Don't let your phone be the first thing you reach for. Look, I'm guilty of this, as are most people, but that's just because checking notifications has become second nature to me. Having been dead to the world for the best part of 8 hours means I'm more than curious to find out if anyone actually wants to hear my voice. However. This doesn't need to be the priority. This may sound a bit wishy-washy, but I think the simple act of waking up from sleep is very much synonymous with the natural world. It's an example of how in tune we are to the rhythms of the earth, and we should honour that by taking time to just be when we first get out of bed. Thrusting yourself into the virtual world of social media is not really what you need at 7am.
All of these things are really, really simple. I like to think these constitute a good morning routine, but there are other ways you can practice self-care, too.
I like to get up, go to the loo, make a cup of green tea and sit in bed and read for at least twenty minutes. This is my way of allowing myself to wake up gradually. I read in order to keep up the habit and to have something to focus on that allows my brain to start ticking.
If, like me, you can allow yourself some time to wake up slowly, these are other things you can do: jot down / think about reasons why you are grateful.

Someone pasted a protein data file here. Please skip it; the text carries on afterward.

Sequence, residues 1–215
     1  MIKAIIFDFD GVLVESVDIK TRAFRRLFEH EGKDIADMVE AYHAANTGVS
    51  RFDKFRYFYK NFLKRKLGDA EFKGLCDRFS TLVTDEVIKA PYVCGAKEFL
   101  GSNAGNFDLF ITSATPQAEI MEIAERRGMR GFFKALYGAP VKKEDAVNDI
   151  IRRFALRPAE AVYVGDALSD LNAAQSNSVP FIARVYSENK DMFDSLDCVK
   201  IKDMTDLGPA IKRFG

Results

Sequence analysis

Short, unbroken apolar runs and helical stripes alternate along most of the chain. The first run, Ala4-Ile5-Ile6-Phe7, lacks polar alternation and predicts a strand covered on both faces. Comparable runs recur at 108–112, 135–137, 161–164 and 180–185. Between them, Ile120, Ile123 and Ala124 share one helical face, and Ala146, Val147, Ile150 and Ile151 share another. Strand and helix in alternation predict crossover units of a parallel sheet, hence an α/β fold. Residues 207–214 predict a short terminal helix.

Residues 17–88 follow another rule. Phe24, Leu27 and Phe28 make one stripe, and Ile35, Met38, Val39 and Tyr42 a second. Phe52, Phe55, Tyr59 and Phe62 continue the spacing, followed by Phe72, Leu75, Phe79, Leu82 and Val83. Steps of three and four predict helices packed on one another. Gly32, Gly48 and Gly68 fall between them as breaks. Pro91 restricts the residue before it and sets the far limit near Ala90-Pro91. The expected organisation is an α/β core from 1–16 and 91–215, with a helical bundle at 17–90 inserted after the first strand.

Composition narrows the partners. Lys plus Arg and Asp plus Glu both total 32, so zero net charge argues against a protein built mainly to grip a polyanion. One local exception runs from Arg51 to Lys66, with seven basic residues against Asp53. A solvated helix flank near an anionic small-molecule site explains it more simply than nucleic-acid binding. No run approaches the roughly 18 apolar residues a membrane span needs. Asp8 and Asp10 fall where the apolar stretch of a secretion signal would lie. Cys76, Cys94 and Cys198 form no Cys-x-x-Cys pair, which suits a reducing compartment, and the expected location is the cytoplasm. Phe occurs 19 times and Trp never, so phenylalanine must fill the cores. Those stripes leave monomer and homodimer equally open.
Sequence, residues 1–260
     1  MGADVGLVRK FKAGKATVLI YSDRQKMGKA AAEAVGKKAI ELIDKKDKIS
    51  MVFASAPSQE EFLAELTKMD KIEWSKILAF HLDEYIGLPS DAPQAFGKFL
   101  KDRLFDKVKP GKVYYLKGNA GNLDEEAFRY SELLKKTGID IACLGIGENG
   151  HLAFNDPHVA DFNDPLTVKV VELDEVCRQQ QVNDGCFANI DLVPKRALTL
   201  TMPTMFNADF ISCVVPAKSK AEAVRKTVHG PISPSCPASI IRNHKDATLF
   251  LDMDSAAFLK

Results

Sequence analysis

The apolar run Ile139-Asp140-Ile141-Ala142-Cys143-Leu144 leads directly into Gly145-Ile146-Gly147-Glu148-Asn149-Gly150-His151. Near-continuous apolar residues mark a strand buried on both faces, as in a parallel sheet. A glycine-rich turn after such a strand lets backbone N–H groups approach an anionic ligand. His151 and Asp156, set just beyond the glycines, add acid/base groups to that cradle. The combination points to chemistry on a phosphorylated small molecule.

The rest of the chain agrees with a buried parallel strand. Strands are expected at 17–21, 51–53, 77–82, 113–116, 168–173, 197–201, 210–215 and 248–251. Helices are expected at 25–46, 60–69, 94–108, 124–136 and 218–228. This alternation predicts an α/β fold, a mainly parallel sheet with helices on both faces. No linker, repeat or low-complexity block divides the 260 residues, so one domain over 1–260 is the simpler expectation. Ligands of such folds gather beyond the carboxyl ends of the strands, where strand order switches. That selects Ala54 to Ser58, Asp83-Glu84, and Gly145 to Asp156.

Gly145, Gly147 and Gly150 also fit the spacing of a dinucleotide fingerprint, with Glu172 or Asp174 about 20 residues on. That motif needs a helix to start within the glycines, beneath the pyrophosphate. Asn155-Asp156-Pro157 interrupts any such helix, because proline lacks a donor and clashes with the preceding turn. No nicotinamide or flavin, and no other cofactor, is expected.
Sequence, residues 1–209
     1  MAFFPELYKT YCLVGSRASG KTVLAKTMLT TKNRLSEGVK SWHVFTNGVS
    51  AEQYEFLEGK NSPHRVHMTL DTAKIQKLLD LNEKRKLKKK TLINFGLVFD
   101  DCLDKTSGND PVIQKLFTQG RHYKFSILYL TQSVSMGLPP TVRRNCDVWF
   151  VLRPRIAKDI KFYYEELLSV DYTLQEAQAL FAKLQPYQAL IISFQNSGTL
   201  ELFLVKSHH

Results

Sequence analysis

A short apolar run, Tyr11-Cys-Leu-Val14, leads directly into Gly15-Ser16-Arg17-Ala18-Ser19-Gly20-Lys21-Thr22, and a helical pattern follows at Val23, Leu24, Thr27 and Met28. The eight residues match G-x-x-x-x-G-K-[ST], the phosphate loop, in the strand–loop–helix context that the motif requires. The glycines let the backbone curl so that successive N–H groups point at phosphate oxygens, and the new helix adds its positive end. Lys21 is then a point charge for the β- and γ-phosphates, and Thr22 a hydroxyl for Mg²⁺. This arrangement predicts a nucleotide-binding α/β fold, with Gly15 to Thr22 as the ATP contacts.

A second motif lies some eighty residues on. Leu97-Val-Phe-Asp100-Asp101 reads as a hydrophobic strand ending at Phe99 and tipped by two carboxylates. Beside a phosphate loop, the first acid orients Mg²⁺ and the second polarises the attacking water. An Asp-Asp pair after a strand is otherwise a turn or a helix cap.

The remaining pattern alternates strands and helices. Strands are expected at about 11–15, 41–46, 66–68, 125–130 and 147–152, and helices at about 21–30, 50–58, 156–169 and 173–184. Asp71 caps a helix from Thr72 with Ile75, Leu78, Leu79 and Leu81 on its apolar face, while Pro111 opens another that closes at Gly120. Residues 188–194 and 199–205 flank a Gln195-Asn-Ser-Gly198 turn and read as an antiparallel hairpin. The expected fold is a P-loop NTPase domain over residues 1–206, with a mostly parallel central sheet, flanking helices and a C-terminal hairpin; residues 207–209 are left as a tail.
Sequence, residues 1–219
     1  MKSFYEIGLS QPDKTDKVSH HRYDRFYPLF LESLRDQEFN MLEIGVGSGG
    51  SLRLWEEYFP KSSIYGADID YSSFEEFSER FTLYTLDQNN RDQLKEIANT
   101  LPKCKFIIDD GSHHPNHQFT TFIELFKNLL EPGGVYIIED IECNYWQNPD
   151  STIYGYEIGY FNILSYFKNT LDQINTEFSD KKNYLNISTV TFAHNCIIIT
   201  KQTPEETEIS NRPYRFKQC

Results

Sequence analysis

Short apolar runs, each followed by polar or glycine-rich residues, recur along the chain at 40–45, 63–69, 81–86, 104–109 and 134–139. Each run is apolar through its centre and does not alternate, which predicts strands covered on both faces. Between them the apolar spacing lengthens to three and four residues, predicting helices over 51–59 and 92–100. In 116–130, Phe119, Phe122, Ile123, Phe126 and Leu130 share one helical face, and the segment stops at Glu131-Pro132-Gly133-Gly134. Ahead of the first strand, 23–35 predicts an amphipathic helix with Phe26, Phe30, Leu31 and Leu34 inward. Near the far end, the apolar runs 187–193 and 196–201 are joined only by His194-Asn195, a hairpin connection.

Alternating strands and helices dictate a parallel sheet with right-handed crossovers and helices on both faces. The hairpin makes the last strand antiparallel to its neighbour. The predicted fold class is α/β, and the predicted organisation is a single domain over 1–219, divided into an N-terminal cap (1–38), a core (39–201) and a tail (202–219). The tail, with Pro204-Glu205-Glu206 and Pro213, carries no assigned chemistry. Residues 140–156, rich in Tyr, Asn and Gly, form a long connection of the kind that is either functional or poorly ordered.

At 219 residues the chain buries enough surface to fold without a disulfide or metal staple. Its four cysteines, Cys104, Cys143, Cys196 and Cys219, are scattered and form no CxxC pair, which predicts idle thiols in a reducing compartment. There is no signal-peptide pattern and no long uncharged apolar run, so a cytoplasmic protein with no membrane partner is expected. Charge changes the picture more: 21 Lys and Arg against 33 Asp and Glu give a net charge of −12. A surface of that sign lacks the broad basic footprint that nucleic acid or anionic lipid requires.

jot down / think about your intentions for the day ahead.
a form of exercise to get your body moving.
listen to some music or a podcast.
You might want to do some of these things while you are getting ready. If I'm putting on make-up, I leave myself a good amount of time to do so as I don't like to rush through it (and I also want to be able to sip my tea at the same time!) Other ways you can empower yourself in the morning:
have a shower.
put on something that makes you feel like an absolute boss.
spray yourself with something nice. Smells are powerful.
cut your nails. Trimmed nails are healthy nails.
talk to yourself (not crazy, I promise. Well, maybe you are, I don't know.)
I honestly believe that setting yourself up for the day is the best thing you can do. Even if your day goes to absolute sh*t, at least you started off with a positive mindset, and this has the potential to affect how you move through the setbacks.
There are some things I try to avoid in the morning, such as watching or listening to the news, and engaging in too much deep debate with family whilst I'm still waking up etc. I've found that these things don't set me up well for the day. There may also be things that you want to avoid in the morning too (and don't say work, ha.) Don't let them invade your space.
Start off with the people in your household on a positive note. It's a fresh day, and a fresh start. I don't usually talk to my family much first thing in the morning (if I did I'd end up getting frustrated!) That's just me. Maybe for you, good conversation is key to set you up for the day.
Finally, getting enough sleep the night before is always something I strive to do, and if I can do that then there's no reason why I can't get up early and subsequently allow myself to carry out some of these practices, which to some may seem indulgent. It's figuring out whatever works for you.
Thanks for reading! I hope you took some inspiration from this, and have a great rest of your week.